Grammar Doesn’t Matter — or Does It?

Written by on November 16, 2016 in blog with 0 Comments

Grammar Doesn’t Matter—or Does It?

17 Time-Consuming Words/Phrases That Make You Look Like An Ass (And, waste your time)

There are a lot of people who like to sound intelligent, but at the same time the speak as if grammar doesn’t matter. There’s nothing wrong with wanting to sound intelligent, but they go about it the wrong way. They puff up their verbal communication, and especially their written communication, with flowery language and $2 words, when 50c ones would suffice. In fact, not only would the 50c ones suffice, they might sound better.

grammar doesn't matter
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Picture of Inigo Montoya, whose friend, Wesley, was mostly dead in the movie, The Princess Bride, a beloved film from the 1980s.


There are many particular phrases that are guilty of this. If you think that grammar doesn’t matter, look at the following 17–they are some of the worst offenders.

  • At a later time
  • During the course of
  • In order to/in order for
  • In the event of
  • Due to the fact that
  • At the present time
  • For a period of
  • Has a requirement for
  • In close proximity to
  • In relation to
  • In the amount of
  • In view of
  • In the process of
  • Is responsible for
  • The use of
  • Time period
  • With the exception of

Let’s take a closer look at how a few of these wordy phrases might play out in normal writing.

Saving Time and Space

During the course of the meeting, you mentioned that at the present time you were swamped, and in order for you to get healthy, you’d need to rest for an undetermined period of time. (34 words)

The problem we have is—due to the fact that you’re out—the marketing department has a requirement for an analyst, and in view of your situation, we are in the process of finding a suitable candidate. In the event of your quick return, we’d be willing to compensate you in the amount of $6,000 per month for the use of anything you need, and for a time period of one year. With the exception of Margaret, who, as you know, is responsible for market research, this will make you the highest paid person in the department. (98 words)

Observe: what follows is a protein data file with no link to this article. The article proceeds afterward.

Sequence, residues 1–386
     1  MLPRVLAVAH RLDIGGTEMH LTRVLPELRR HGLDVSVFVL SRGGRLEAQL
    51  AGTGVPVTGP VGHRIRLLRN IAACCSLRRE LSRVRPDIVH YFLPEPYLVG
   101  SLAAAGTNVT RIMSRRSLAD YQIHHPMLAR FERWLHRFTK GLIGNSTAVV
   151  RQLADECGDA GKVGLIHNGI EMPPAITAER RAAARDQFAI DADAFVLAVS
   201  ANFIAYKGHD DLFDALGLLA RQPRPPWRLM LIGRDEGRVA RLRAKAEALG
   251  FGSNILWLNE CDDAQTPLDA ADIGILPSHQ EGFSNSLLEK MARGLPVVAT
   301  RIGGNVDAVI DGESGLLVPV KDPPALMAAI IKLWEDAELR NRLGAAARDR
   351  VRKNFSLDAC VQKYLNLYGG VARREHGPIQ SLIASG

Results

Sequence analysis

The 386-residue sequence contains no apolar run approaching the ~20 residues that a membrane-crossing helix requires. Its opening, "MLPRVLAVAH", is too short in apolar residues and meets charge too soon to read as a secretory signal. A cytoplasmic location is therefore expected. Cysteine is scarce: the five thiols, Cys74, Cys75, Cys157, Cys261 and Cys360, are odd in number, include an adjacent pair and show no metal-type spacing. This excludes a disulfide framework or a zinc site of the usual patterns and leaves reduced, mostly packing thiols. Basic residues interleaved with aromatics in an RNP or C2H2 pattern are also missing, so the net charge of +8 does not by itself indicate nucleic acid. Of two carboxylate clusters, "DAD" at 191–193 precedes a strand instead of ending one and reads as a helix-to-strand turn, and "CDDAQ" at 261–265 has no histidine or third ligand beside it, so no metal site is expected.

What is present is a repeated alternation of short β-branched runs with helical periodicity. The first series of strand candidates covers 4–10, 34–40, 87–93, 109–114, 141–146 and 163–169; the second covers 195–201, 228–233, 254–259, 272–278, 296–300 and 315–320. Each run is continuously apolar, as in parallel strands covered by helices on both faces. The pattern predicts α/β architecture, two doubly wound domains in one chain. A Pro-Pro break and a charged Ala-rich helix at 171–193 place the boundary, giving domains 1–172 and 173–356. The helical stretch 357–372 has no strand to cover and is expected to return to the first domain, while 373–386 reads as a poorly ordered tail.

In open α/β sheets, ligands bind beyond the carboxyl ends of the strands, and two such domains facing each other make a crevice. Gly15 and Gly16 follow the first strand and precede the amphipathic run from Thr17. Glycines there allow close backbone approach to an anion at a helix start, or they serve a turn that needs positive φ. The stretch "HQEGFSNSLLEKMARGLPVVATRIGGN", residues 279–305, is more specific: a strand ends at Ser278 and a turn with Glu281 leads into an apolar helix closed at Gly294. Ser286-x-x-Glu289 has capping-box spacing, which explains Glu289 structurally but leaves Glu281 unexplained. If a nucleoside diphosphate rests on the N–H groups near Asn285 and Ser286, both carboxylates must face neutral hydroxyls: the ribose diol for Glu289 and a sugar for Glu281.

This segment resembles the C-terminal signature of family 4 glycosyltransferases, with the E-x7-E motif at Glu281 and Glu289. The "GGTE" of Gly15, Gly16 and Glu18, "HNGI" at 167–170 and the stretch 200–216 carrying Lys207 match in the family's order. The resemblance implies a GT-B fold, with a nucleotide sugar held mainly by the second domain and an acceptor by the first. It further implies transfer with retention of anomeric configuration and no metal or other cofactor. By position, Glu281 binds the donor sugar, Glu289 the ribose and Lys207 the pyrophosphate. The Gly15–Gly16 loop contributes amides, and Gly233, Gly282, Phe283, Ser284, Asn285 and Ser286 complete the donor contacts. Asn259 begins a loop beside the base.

During the meeting, you mentioned that you were swamped and you’d need to rest to get healthy. (17 words as opposed to 34.)

The Problem

The problem is—because you’re out—the marketing department needs an analyst, and we are looking for suitable candidates. If you return quickly, we’ll pay you $6,000 per month for one year. Except for Margaret, head of market research, you will then be the highest paid person in the department. (51 words as opposed to 98.)

To summarize—the fluffy example took 132 words to write, while the concise version took 68 words. We saved 64 words—without losing clarity. (Notice I didn’t say without losing any clarity. That’s because I didn’t need the word any to make my point.)

Few people, if any, make all these mistakes, but enough of us are guilty of misusing some of them, and every word counts.

Every time you write something, look it over and ask—“Which words aren’t needed?” and “How can I clarify this?”

Now that we’ve resolved that issue, let’s look at the 17 phrases and analyze them. First, we’ll show what too many people say, then, in the table beside it, what they could say.

Saying Grammar Doesn’t Matter is the Root of the Problem

And These Seventeen Phrases Prove It

What gets said Say instead Example
At a later time later What’s the difference between meet me later and meet me at a later time?